Josh then correctly stated that the Obama administration failed in its Article II duty to "take care that the laws are faithfully executed" by selectively enforcing federal law under the false premise of prosecutorial discretion. Josh also compared the administration's abuse of prosecutorial discretion to that of DACA/DAPA, which I argued yesterday were facially unconstitutional and a categorical violation of the plenary power doctrine that the federal government maintains over immigration, to demonstrate that Sessions is simply following the same protocol of upholding the rule of law and leaving the decision to change the law to the policy makers in Congress. Both Josh and I agree completely that there is never an excuse to use prosecutorial discretion as a means of altering an entire department's policy (whether it's the Department of Justice or the Department of Homeland Security) in contravention to federal law.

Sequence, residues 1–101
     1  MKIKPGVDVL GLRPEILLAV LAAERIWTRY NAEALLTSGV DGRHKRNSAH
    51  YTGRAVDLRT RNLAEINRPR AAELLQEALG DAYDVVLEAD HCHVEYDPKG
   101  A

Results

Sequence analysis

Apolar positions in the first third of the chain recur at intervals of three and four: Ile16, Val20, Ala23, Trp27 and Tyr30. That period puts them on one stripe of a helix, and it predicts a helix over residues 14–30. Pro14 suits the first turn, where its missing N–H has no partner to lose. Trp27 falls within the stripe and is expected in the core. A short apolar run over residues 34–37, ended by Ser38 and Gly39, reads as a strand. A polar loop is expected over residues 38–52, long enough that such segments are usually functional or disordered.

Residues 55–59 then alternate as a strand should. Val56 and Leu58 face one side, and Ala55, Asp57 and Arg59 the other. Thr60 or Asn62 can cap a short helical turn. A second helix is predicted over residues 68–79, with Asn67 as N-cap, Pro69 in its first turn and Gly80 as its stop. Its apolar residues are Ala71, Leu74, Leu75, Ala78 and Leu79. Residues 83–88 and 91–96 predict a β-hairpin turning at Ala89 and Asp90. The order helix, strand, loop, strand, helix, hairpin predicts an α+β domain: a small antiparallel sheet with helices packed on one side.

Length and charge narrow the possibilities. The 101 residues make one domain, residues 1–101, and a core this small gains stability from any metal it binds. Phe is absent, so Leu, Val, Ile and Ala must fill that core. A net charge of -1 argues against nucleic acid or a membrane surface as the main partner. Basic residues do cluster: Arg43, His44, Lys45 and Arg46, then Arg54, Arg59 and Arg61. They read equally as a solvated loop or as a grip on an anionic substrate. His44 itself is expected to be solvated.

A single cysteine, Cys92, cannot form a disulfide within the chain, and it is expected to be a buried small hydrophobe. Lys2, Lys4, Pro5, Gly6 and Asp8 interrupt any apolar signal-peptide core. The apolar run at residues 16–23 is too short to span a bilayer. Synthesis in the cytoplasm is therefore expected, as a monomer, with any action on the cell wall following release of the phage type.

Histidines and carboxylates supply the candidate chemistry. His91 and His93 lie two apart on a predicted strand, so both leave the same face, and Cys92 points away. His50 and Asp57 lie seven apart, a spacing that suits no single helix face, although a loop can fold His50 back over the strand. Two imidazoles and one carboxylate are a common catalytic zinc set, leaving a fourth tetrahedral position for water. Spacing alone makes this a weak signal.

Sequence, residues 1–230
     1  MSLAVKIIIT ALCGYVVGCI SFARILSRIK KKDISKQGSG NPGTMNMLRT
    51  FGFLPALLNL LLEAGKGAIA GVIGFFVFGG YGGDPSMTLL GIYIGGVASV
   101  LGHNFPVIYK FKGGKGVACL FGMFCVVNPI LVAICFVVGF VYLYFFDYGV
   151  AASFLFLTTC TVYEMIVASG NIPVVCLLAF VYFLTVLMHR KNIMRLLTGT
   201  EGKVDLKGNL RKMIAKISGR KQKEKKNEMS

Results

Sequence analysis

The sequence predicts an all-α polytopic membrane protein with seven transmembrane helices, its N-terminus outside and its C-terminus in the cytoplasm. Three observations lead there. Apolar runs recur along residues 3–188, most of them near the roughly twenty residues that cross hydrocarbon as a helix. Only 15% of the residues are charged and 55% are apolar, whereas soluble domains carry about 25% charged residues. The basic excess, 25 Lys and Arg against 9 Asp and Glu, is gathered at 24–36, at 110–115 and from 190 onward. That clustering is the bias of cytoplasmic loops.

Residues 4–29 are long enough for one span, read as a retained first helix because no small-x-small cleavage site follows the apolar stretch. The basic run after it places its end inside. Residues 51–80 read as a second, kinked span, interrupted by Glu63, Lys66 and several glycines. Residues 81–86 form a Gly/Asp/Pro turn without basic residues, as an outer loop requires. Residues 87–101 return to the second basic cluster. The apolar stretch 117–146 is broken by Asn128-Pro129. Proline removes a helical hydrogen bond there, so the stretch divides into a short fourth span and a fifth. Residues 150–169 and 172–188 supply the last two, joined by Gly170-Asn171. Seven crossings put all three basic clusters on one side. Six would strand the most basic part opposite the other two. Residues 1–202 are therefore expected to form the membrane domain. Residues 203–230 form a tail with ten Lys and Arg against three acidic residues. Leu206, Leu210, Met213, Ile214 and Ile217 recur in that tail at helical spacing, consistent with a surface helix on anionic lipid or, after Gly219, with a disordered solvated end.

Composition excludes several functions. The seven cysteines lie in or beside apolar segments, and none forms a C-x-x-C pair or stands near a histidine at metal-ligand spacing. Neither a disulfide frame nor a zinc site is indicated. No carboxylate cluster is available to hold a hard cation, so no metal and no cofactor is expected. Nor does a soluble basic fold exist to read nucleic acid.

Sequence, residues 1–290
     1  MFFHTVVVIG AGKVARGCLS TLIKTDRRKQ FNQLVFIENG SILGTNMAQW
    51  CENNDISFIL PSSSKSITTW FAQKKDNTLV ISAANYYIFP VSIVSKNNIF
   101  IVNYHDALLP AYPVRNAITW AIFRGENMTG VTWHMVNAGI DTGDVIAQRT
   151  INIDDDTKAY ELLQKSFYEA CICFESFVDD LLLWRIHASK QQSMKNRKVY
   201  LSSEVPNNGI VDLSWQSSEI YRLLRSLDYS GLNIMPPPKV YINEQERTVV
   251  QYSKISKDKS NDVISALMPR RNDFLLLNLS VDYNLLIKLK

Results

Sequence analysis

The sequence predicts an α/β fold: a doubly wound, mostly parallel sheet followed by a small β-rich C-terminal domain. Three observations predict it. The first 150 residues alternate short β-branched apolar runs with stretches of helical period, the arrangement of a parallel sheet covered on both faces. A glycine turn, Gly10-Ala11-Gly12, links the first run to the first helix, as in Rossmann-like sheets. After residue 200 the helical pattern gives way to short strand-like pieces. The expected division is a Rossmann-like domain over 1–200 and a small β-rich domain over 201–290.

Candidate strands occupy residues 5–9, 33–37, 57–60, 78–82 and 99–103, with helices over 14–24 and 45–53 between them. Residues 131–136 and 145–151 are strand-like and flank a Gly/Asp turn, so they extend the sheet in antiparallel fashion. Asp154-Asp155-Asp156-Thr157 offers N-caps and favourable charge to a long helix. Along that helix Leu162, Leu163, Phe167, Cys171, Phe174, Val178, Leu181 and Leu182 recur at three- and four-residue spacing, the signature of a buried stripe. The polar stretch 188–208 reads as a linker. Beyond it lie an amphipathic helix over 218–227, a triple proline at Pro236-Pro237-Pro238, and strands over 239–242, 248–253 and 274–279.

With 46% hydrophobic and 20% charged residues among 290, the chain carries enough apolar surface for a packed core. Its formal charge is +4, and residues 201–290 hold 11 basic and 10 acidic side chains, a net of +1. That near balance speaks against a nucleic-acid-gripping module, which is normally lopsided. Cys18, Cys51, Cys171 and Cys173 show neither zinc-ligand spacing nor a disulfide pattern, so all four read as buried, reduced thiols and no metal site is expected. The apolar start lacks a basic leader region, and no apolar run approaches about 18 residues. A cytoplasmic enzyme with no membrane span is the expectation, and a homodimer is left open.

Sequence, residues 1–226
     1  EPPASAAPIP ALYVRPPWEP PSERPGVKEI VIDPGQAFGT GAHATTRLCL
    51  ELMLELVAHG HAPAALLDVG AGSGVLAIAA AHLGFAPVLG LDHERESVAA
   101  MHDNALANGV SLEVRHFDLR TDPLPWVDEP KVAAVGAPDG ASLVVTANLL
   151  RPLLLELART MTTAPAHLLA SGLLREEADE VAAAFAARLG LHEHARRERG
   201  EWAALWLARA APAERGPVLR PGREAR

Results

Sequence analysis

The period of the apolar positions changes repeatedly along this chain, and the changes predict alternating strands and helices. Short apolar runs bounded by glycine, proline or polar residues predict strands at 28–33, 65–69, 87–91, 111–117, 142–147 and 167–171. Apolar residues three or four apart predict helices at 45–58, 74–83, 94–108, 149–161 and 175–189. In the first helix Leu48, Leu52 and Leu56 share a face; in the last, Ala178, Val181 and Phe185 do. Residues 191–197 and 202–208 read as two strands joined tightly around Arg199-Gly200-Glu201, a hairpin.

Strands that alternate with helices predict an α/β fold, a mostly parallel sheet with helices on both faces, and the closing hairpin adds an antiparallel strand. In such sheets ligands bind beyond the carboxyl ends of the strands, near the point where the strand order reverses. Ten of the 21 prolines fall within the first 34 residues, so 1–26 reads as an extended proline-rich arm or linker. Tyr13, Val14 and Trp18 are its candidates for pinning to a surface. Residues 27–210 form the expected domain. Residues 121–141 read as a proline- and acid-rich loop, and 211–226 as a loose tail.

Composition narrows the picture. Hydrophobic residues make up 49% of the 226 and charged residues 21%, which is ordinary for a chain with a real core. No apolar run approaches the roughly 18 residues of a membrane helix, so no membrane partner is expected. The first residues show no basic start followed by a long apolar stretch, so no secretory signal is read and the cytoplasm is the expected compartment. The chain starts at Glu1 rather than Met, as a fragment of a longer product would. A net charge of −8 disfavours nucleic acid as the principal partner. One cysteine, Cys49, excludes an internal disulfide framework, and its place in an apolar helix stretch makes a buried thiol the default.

That being said, I believe that Attorney General Sessions missed an opportunity to distinguish the facially unconstitutional nature of DACA/DAPA from the arguably problematic (and possibly unconstitutional) nature of the Controlled Substances Act. See 21 U.S.C. § 801 et. seq.. While the Obama-era Department of Justice categorically abused the policy of prosecutorial discretion to shield the states from possible federal interference, the Trump-era Department of Justice could have viewed the Controlled Substances Act as an overreach of federal authority on commerce and utilized the theory of departmentalism to argue that the federal government should have no say on how the states should govern the legality of marijuana.

Let me start from the Commerce Clause (See U.S. Const. art. I, s. 8, cl. 3), which states the following:

The Congress shall have power to... regulate commerce... among the several states...

From the text of the clause, it states that Congress has the power to specifically regulate commerce among several states, meaning that it only has power to regulate interstate commerce. Randy Barnett, Carmack Waterhouse Professor of Legal Theory at Georgetown University Law Center, said as much in a law review article back in 2001: